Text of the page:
8:18pm Monday, 24 September BlueMountainsAustralia.com
Blue Mountains News
Preserving The Past For Tomorrow
The Gallery is also celebrating the completion of a project designed to preserve community owned, nationally significant heritage collections. The Community Heritage Grant funded by the National Library of Australia late last year, has enabled a professional conservator to work on site over several months assessing the growing artwork collection and evaluating the changing preservation needs. Being awarded the grant is important as it provides additional funds to support the Gallery in preserving the noteworthy collection and keeping it accessible.
The Community Heritage Grant is an important program as it “is all about working together to help spread the message that if we don’t preserve our history now, it could be lost forever.” Ms Anne Marie Schwirtlich.
A leader in modernist research, the Gallery brings the collection to the general public through its exhibitions, touring exhibitions, public programs and publications. The current exhibition Emu Island – Modernism in Place, offers a chance to see some of these works including those of Margo and Gerald Lewers, Frank and Margel Hinder, Judy Cassab, John Olsen, Tony Tuckson, Carl Plate and Robert Klippel.
The Gallery’s collection of art and assorted ephemera represents the social and cultural values of a time when many looked towards the arts as integral to notions of societal progress. As the current custodians of this wonderful asset we are committed to putting into place measures that will ensure the collection remains a viable resource for future generations to enjoy and re-examine.” Collection Manager Dr Shirley Daborn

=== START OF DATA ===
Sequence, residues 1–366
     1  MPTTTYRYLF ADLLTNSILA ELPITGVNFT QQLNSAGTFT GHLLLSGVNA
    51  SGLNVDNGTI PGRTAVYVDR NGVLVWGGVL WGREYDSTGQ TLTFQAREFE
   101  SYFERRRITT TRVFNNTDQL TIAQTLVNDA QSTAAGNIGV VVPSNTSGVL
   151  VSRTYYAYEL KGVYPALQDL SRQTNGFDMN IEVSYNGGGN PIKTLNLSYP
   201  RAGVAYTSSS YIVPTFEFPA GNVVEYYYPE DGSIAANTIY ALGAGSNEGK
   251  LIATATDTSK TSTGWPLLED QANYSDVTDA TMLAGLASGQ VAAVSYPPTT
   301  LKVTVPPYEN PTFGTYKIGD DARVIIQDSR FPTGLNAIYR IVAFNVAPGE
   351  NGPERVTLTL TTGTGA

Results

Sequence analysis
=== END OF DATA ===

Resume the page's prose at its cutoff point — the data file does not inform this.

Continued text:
Coming soon to the Penrith Regional Gallery & The Lewers Bequest - Summer Exhibition Suite (2 Dec 2017 – 4 March 2018)
Landing Points | Up in the Sky
On the 20th anniversary of Tracey Moffatt’s work Up in the Sky, Penrith Regional Gallery will exhibit this seminal series in its Lewers House Gallery. Produced in 1997, this photographic series may be read as black and white film stills, set in an iconic outback Australian landscape. Moffatt’s landscape is peopled, with an open-ended narrative that is provocative of questions of personal, cultural and political histories, both remarkably Australian and global.
This article archived 2 Jan 2018
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